plot_spatial_weights(weights, gdf)

This visualisation depicts the spatial weights network, a network of connections of the centroid of each polygon to the centroid of its neighbour. As we can see, there are many polygons in the south and west of this map, that are not connected to its neighbors. We can use libpysal.weights.util.nonplanar_neighbors to correct this error and visualise the result with splot.libpysal.plot_spatial_weights.

wnp = libpysal.weights.util.nonplanar_neighbors(weights, gdf)

plot_spatial_weights(wnp, gdf)

As we can see, all erroneous islands are now stored as neighbors in our new weights object, depicted by the new joins displayed in orange. This example and more ca be tested by users via splot‘s extended documentation in jupyter notebooks.

From mid sprint to full sprint

Additionally, the splot dev team has started to reach out to the geopandas and Yellowbrick dev teams in order to share knowledge and collaborate. splot functionality will depend on a data input as geopandas dataframe in future. Therefore we would like to start a collaboration on eventually coordinated release dates and potential joint visualisation projects, which will be discussed this week. Results and ideas will be collected in this issue.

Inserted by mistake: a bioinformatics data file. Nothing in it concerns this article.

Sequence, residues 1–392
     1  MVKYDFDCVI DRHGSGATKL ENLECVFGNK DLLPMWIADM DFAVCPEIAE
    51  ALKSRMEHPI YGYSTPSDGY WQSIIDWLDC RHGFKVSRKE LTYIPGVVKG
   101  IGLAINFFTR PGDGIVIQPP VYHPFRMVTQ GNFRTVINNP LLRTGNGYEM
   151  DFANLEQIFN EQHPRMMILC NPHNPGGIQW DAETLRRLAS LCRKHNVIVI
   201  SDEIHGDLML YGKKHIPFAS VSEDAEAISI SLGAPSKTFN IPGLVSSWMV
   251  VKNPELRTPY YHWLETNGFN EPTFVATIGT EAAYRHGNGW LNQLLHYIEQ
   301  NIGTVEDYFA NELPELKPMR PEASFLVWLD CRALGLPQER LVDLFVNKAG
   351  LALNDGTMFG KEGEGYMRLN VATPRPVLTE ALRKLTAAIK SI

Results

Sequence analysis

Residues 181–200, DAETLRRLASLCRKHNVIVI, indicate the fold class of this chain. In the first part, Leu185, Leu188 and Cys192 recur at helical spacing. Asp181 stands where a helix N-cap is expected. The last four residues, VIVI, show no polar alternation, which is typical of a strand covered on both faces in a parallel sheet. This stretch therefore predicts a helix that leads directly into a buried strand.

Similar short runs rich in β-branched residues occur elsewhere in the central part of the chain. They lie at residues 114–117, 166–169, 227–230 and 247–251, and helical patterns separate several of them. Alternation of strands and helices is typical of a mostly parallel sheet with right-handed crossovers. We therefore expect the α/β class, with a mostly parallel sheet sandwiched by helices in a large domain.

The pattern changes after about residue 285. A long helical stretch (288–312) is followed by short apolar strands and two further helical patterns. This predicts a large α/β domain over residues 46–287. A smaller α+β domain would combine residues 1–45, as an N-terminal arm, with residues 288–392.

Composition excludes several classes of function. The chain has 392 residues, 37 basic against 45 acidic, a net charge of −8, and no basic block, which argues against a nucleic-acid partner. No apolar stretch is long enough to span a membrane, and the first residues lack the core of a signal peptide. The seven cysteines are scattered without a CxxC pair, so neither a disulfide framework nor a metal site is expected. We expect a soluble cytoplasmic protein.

Yellowbrick extends the Scikit-Learn API with diagnostic visualisations to steer machine learning processes. Its mission to extend an existing API by offering visualisations that can steer a data analysis process is very close to splot. Since Yellowbrick is already an established and popular package and seems to have had similar decisions to make, we decided to contact its dev team and are looking forward to a conversation in two weeks.

See you all at SciPy 2018!

Lessons learned: implementing `splot`

In my last blog post I explained the new API structure the splot team decided on. In my last two weeks at GSoC I have been working on the implementation of this API for the giddy and esda sub-packages. This functionality will be available in the release of splot which will likely be at the end of this GSoC.

This is an example how the new API can be used in future:


import esda
import matplotlib.pyplot as plt
import libpysal.api as lp
from libpysal import examples
import geopandas as gpd

Data preparation and statistical analysis

link = examples.get_path('columbus.shp')
gdf = gpd.read_file(link)
y = gdf['HOVAL'].values
w = lp.Queen.from_dataframe(gdf)
w.transform = 'r'
mloc = esda.moran.Moran_Local(y, w)